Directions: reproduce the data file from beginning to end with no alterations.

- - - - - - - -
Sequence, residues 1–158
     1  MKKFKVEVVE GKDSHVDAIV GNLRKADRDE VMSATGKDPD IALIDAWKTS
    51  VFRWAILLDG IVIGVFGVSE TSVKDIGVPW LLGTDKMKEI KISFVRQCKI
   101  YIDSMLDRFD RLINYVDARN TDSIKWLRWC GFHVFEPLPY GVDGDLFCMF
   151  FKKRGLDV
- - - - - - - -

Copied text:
Sequence, residues 1–158
     1  MKKFKVEVVE GKDSHVDAIV GNLRKADRDE VMSATGKDPD IALIDAWKTS
    51  VFRWAILLDG IVIGVFGVSE TSVKDIGVPW LLGTDKMKEI KISFVRQCKI
   101  YIDSMLDRFD RLINYVDARN TDSIKWLRWC GFHVFEPLPY GVDGDLFCMF
   151  FKKRGLDV